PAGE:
So, is there some way to minimize these risks without turning spiritual practice into nothing but a heartless drudgery or abandoning it all together?  Yes, to begin with, it might already be apparent that one guideline I’ve found valuable is paying careful attention to the overall integration and harmony of the soul’s different aspects and functions.   Of course, this guideline is itself based upon a very deep, broad and persistent practice of honest self-awareness and caring self-acceptance.  Said another way, it is the practice of being lovingly present with oneself, and thus becoming increasingly aware of the very fluid interconnectedness within us – head, heart, and gut.  Along with this practice of presence, all the great spiritual traditions recommend the mindfulness and application of certain virtues.  In Christianity we traditionally rely on the four cardinal virtues – prudence, temperance, fortitude and justice – and the three theological virtues – faith, hope, and especially charity (or agápē, spiritual love, “the greatest of these“).  But it’s very important to understand that the practice of the virtues is not about forcing one’s external behaviors to conform to some predetermined model of perfection.  The object here is not to build up some new facade in the place of being more consciously whole; in fact, the virtues are first and foremost internal processes. When incorporated with the practice of loving self-presence,  they shed significant light on the ways one is at odds with oneself, suffering from psychic fragmentation and compartmentalization, while also pointing out paths toward greater integration and harmony.  Being fully present with ourselves and working with these virtues doesn’t provide a foolproof guarantee that we won’t make mistakes, yet it can reduce the risks in making them.  When we do make mistakes, these guidelines can help us lovingly embrace them as learning opportunities and thus become even more meaningful experiences in our spiritual lives.  Beyond these very significant experiences, the practice of presence and the virtues may also facilitate a deepening awareness of something in ourselves other than thinking, feeling, sensing and doing – something quiet and still, and at first seemingly tiny and insignificant, yet more vast and powerful than we can comprehend, let alone control.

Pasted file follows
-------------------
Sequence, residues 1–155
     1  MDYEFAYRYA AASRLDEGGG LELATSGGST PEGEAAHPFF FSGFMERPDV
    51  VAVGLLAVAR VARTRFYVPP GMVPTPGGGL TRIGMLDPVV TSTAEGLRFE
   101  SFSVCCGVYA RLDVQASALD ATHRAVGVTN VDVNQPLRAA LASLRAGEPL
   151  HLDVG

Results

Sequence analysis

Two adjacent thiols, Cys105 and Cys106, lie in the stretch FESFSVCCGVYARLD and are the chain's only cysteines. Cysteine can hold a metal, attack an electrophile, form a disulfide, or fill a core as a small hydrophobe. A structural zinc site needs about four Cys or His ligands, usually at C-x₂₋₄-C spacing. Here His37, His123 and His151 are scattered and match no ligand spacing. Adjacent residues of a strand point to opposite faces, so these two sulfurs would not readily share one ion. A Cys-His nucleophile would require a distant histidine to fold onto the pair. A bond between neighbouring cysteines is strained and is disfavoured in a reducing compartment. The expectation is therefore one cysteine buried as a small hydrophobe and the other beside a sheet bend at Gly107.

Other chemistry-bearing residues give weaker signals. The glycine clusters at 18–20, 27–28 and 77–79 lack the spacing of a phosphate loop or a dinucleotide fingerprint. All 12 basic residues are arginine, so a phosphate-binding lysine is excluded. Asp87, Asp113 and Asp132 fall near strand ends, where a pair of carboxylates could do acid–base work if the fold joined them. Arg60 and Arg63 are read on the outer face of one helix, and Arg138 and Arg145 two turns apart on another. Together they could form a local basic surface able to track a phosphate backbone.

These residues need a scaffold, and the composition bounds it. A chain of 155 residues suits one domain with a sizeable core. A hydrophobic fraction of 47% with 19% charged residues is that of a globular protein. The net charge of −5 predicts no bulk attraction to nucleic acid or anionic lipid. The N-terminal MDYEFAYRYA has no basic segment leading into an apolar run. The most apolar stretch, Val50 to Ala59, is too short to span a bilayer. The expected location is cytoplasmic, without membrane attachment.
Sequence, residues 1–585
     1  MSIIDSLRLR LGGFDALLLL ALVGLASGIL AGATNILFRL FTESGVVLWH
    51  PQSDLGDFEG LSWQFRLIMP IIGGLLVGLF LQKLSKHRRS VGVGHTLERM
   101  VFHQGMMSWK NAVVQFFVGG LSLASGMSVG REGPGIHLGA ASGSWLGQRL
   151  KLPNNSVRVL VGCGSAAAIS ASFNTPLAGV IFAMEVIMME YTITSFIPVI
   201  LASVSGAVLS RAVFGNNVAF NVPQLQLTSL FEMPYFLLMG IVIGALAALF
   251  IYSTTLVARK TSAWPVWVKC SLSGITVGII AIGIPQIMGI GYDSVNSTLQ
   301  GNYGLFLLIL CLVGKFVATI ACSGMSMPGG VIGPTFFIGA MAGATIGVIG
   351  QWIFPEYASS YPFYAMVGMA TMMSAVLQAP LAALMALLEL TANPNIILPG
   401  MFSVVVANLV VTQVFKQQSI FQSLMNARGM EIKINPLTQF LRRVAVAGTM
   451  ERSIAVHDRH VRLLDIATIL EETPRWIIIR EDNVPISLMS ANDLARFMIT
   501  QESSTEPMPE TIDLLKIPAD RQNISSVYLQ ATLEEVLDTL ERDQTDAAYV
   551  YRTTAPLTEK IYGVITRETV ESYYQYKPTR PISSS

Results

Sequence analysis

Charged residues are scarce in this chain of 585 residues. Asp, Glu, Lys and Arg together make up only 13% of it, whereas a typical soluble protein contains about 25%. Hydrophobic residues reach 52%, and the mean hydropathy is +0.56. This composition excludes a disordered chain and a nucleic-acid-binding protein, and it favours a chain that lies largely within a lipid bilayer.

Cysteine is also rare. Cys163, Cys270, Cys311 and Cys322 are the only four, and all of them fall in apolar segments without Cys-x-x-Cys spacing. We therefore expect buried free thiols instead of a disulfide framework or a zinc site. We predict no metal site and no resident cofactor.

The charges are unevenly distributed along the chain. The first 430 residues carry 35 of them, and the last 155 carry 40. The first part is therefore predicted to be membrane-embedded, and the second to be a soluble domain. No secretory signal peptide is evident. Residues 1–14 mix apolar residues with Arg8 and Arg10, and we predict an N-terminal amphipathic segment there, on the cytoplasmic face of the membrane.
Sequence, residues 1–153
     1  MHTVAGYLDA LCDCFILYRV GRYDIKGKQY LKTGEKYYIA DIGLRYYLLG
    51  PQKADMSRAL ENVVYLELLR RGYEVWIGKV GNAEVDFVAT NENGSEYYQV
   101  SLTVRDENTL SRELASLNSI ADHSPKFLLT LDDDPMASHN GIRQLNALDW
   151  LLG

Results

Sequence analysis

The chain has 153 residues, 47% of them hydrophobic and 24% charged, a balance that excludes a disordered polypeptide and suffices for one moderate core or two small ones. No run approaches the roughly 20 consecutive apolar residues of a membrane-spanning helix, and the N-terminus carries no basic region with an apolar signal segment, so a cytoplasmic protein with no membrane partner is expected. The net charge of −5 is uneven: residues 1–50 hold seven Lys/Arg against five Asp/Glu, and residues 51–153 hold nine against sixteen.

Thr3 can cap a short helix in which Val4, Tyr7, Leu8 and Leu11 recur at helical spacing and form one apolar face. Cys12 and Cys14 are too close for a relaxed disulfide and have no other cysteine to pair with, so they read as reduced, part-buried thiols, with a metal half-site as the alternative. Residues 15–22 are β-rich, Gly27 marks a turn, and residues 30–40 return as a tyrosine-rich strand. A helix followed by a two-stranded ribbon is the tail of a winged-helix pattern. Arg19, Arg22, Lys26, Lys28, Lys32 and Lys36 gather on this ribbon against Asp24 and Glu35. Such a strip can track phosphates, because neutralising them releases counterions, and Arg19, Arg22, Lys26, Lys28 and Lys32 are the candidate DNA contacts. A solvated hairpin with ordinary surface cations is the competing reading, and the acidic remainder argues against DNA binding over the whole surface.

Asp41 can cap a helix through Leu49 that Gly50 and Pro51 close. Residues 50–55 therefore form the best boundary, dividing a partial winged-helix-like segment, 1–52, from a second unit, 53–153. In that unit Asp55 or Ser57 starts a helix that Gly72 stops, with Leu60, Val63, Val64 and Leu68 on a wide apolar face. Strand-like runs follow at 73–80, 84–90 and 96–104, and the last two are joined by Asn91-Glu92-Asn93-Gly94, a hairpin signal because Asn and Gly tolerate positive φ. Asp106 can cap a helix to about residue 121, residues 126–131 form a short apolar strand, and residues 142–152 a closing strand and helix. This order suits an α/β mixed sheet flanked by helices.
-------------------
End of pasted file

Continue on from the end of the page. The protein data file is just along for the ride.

For many of us mystics, awareness of this other within ourselves is both fascinating and frightening – fascinating in its penetration into a very deep mystery of the soul, and frightening in our awareness of the comparative smallness and powerlessness of that part of us we most often identify as “me”, or what we commonly call the “ego”.  One risk associated with the fascination is confusing such an encounter with the mystical union we desire. A risk with the fear is the ego coming up with all sorts of excuses to avoid accepting and adjusting to the greater reality, including quitting a practice because we’ve realized how much it has been motivated by serving the ego; sometimes that’s just a sign that the practice is actually working!